What other conclusion can you draw from the thousands of references and citations featuring Philadelphia physician Benjamin Rush and his wild ideas on how to heroically treat Yellow Fever in 1793, but likely never heard of Dr. John Henry Rauch. The former signed the Declaration of Independence but directly or indirectly contributed to many an unpleasant death. The latter saved millions and helped the AMA and the AAMC find their way out of their post-Civil War professional wilderness.
Dr. Rauch’s career, its’ span and breadth, is startling and could well serve as a yardstick for medical imagineers today. Born in Lebanon, PA in 1828, he received his Medical Degree from the University of Pennsylvania, and then opened a practice in Burlington, Iowa. He was there in 1850 for the birthing of the Iowa State Medical Society, and with their encouragement published (just five years after Iowa achieved statehood) the epic “Medical and Economic Botany of Iowa” listing 516 species, fully 23% of the known flora of the state today.
Two decades later, he was onsite in Chicago from October 8-10, 1871, when 3.3 square miles of Chicago burned to the ground taking 300 souls with it, and managed the emergency medical aftermath for the city. By then he was all too familiar with conflagration and disaster, having earned the imprimatur of lieutenant-colonel from the Union Army as assistant medical-director of the famed Army of Virginia during the Civil War.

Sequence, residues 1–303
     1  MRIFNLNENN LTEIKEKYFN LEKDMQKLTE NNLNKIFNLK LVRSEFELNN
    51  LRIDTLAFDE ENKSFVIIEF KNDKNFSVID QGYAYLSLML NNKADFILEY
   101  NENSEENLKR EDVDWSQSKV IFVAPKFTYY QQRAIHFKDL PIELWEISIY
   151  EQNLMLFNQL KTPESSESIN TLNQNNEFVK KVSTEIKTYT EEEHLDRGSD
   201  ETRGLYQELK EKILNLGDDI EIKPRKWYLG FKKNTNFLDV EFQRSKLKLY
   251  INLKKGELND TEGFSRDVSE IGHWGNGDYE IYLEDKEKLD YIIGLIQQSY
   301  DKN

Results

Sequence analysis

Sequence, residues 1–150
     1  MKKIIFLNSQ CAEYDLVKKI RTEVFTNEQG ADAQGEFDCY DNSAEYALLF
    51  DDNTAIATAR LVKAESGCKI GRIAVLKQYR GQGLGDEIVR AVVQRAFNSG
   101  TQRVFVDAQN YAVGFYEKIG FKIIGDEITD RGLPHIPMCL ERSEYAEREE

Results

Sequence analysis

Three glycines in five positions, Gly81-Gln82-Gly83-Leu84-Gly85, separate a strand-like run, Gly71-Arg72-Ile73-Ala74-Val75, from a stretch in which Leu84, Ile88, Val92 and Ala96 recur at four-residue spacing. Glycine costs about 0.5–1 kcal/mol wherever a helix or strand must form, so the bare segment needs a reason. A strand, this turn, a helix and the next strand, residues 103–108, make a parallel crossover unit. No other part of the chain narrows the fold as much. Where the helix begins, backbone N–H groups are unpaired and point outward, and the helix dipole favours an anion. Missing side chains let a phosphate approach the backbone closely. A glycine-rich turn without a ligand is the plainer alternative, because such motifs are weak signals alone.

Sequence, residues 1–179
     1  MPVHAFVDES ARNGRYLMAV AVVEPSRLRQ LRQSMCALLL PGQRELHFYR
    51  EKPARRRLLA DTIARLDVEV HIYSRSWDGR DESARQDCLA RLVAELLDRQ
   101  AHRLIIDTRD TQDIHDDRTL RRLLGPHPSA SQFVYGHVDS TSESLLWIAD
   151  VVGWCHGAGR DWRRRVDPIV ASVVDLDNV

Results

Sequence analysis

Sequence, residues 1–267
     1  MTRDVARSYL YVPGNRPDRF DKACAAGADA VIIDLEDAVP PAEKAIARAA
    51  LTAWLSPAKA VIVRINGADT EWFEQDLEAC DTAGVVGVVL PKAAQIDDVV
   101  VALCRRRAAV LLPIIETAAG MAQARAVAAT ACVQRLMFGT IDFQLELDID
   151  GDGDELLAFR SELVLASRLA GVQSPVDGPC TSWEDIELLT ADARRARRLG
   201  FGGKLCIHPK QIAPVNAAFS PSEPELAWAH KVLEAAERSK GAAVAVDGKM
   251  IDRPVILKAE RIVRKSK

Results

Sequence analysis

Medicine does not exist in a vacuum. The trusting relationships that underpin it function within an ever-changing environment of shifting social determinants. This is not new, nor surprising.
Consider for example the results of their 1851 survey of 12,400 men from the eight leading U.S. colleges had to be shocking. The AMA was only four years old at the time and being forced to acknowledge a significant lack of public interest in a physician’s services. This in turn had caused the best and the brightest to choose other professions. There it was in black and white. Of those surveyed, 26% planned to pursue the clergy, 26% the law, and less than 8% medicine.